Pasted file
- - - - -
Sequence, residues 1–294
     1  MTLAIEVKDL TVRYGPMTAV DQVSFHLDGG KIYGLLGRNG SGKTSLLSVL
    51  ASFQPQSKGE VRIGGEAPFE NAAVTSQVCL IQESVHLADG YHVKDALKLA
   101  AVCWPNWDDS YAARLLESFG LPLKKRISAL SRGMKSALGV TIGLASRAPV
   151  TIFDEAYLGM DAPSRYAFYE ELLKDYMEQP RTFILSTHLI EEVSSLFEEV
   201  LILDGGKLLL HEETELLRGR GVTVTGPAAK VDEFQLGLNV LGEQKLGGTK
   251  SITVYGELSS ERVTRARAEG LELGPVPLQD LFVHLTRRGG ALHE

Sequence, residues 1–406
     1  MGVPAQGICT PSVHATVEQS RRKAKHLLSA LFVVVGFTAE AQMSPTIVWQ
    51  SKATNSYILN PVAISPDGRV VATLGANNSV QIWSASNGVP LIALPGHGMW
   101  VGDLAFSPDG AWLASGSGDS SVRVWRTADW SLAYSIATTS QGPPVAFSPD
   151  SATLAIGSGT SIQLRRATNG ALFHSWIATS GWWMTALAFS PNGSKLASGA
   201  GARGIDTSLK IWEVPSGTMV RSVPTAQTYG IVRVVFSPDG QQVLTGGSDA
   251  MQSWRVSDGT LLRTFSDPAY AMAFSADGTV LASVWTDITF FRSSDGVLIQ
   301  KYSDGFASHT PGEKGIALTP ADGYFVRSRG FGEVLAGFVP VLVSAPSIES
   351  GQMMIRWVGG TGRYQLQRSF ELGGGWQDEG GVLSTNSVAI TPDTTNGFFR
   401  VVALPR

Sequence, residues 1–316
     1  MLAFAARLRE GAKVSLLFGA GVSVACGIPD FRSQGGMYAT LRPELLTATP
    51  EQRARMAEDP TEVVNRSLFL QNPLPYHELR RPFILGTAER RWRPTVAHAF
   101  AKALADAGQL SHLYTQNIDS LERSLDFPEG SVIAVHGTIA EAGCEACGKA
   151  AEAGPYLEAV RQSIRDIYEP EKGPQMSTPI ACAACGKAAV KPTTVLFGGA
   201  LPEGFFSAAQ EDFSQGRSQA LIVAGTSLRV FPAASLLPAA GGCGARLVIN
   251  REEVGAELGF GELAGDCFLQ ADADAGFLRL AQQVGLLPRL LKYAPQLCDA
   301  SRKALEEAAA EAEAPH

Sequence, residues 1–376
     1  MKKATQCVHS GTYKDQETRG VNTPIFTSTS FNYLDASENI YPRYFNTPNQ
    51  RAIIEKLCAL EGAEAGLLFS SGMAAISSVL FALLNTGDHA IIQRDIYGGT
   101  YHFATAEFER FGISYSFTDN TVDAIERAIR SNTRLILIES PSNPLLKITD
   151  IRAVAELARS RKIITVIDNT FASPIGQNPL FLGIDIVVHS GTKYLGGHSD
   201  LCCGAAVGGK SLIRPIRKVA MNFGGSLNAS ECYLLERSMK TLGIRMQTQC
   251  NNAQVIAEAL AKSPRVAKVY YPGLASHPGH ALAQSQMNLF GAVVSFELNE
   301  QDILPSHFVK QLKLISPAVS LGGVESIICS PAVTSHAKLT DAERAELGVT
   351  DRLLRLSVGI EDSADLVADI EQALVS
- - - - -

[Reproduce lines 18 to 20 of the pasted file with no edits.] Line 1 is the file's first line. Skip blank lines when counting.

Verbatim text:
Sequence, residues 1–316
     1  MLAFAARLRE GAKVSLLFGA GVSVACGIPD FRSQGGMYAT LRPELLTATP
    51  EQRARMAEDP TEVVNRSLFL QNPLPYHELR RPFILGTAER RWRPTVAHAF